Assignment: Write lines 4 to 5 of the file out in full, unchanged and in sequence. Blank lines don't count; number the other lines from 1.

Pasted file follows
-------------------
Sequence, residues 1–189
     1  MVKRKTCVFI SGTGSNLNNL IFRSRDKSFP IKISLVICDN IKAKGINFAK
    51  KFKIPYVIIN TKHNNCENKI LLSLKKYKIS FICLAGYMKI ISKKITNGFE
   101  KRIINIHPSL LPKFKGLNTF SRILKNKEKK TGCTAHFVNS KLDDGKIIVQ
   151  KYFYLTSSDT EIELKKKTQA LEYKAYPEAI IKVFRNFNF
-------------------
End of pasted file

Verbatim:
   101  KRIINIHPSL LPKFKGLNTF SRILKNKEKK TGCTAHFVNS KLDDGKIIVQ
   151  KYFYLTSSDT EIELKKKTQA LEYKAYPEAI IKVFRNFNF